Grandparents’ Day is a relatively recent holiday. Russell Cappers started the idea with a letter. In 1969, he was nine years old and wanted a day set aside for grandparents. So, he wrote a letter to the President. Young Russell received a reply from the President’s personal secretary, but the holiday did not start until 1978.
Marian McQuade became the face and force behind the movement for Grandparents’ Day. She advocated for it to the federal government. Mrs. McQuade argued that grandparents and grandchildren had a mutually beneficial relationship. The grandchildren benefit from their grandparents’ wisdom and become more emotionally resilient; grandparents who have active relationships with their grandchildren live longer. She encouraged youth to adopt grandparents.
In the United States, National Grandparents’ Day started in 1978 by an act of Congress. It happens on the first Sunday after Labor Day. The holiday is generally celebrated by spending time with family. Its official flower is the forget-me-not.
Here are some ideas for this Grandparents’ Day:
Start a conversation and get your loved one talking about things you don’t know. You could even record your grandparents as they talk – then others can hear their stories later. See this webpage for details about uploading images and audio files to FamilySearch: https://www.familysearch.org/en/help/helpcenter/memories. FamilySearch protects information that you attach to profiles for living people.
Ask grandparents about their childhood, what foods they liked, if they got into trouble with their siblings, what they like learning, etc. Maybe your grandmother enjoyed dinosaurs as child as much as you did. Ask how they met and fell in love, what their wedding was like, and about the funny moments they shared as newlyweds. Pet peeves, budgeting, did your grandfather have to learn the “right way” to fold towels? Ask them about what your parent was like as a child.
Ask grandchildren about the same things. What things are they proud of and excited to tell you about? One purpose of Grandparents’ Day is to honor the wisdom that grandparents share with their children’s children. What lessons did you learn from your experiences? Your successes and mistakes could help your grandchildren do or avoid the same things.
What you learn can spark new ideas. Play games that your grandmother hasn’t played since she was a child or play a game by the rules your grandfather knew when he was young. Learn an entirely new game alongside your grandchildren. Bond over activities such as crocheting and knitting; they were considered something only grandparents did but are now popular again. Cook family favorite meals or childhood recipes.
If you cannot celebrate the holiday with your grandparents in person, you can send a simple message to let them know you appreciate them. Text, call, send a letter or a card. To see your grandchildren’s faces, you can video call via FaceTime, Skype, or Zoom. Communication is possible regardless of distance.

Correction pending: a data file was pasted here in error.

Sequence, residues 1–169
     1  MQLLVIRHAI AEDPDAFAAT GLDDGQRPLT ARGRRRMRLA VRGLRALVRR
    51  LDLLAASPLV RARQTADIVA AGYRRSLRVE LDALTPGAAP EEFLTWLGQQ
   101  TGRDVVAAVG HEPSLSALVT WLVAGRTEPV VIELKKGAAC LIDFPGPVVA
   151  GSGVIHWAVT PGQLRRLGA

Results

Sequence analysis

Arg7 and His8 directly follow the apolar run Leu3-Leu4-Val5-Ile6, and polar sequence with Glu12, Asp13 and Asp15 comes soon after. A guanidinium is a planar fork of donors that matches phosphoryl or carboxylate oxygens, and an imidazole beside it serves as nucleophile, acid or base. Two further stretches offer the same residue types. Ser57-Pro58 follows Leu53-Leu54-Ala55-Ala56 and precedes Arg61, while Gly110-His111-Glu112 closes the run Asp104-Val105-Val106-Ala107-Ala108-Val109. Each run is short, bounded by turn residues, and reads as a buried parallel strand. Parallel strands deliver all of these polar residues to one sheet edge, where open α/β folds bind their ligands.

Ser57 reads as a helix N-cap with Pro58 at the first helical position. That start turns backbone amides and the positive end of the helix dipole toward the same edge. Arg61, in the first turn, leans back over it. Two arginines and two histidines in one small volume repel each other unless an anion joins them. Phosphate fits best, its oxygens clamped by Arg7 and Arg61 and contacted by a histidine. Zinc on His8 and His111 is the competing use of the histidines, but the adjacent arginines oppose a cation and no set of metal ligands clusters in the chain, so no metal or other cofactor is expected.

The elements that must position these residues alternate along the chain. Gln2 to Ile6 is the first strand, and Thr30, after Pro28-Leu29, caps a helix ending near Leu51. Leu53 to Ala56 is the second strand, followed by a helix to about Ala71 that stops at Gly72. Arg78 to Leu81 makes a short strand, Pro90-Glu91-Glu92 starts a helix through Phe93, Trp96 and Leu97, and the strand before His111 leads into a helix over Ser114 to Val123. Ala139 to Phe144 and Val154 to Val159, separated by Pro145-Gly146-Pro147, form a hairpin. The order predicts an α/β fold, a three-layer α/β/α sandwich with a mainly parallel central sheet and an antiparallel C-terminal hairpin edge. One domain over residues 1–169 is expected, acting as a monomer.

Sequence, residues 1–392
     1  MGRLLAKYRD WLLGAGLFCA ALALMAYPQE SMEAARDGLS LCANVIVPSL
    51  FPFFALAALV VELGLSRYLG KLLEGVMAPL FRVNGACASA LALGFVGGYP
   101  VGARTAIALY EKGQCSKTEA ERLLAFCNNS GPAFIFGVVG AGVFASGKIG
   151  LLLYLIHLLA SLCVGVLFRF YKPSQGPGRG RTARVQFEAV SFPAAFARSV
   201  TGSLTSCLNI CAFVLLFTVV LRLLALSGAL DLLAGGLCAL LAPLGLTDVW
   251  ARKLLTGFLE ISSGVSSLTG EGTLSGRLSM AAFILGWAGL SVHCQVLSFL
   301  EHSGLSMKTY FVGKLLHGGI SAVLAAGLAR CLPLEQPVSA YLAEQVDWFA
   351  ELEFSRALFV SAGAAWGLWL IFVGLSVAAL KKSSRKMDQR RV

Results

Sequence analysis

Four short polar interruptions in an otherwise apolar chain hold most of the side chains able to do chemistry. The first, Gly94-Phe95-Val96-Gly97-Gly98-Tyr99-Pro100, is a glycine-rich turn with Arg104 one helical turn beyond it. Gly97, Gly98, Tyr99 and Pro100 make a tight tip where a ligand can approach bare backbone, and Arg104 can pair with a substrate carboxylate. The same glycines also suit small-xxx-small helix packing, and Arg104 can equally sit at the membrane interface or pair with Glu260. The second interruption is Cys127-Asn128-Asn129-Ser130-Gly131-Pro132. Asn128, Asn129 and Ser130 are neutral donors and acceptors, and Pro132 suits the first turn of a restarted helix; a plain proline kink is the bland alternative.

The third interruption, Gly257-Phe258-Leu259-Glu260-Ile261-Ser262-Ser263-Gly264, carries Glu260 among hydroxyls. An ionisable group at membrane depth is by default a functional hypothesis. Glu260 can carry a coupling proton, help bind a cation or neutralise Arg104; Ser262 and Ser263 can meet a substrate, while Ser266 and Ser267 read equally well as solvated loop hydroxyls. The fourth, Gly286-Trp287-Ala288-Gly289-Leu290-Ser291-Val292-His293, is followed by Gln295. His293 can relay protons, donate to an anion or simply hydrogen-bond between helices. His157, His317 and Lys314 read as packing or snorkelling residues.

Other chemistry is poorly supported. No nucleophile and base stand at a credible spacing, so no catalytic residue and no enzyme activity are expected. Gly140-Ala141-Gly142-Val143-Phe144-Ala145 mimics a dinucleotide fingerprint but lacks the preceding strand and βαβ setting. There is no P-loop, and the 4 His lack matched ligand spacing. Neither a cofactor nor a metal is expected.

Unfortunately, you may not be able to talk with your grandparents. If you want new information about your grandparents, there are many resources online.
Obituaries can provide new information about grandparents that have passed away, especially for those not in a position to ask relatives. There are a few helpful databases that allow you to search many newspapers at once. Ancestry is a great option as they now own Newspapers.com which has hundreds of newspapers from yesterday back to the 1700s. Results on Ancestry will show an index of the article with a link to the actual page on Newspapers.com. You can access the images on either site for free at one of the many Family History Centers whose locations are shown on FamilySearch at this link: https://www.familysearch.org/centers/locations/. FamilySearch is another helpful database as their accounts are free. They organize their obituary and newspaper collections by location. For more detailed instructions, please visit this link: https://www.familysearch.org/en/wiki/Obituaries. This page explains what obituaries are, how to find them on FamilySearch, and has several links to other helpful sites.
If you don’t have pictures of your grandparents as children, census records can be a thousand words. Many countries started censuses to record the growth of their population. In the United States, the federal census is taken every ten years. A list of names, ages, and birthplaces can sound boring but the censuses starting in 1900 recorded a lot of interesting information about family units. Until this year, the 1940 census was the most recent census available to the public. But now that would be the 1950, which is still in the process of being indexed. It is the first census that recorded people born in the 1940s. A census can show you how old your grandmother was compared to her siblings. You can see if your grandfather was called by a nickname or his middle name. Did your grandmother grow up in the same house her entire childhood? Maybe your grandfather chose the same occupation as his father. Although there are no photos or faces included in the record, it is still a snapshot of your grandparents’ families when they were children.
Grandparents’ Day started with the desire to honor the relationship between grandparents and grandchildren. It succeeded in not being commercially motivated. It is an opportunity to share love and attention for extended family. The holiday is intended to bring attention to the mutually beneficial relationship between grandparents and their children’s children. You can benefit from your grandparents’ wisdom, experience, and support. An active relationship with your grandchildren can lengthen your life. Reach out to your loved ones and let them know what you appreciate about them.
Whatever you decide to do for Grandparents’ Day, have a great one!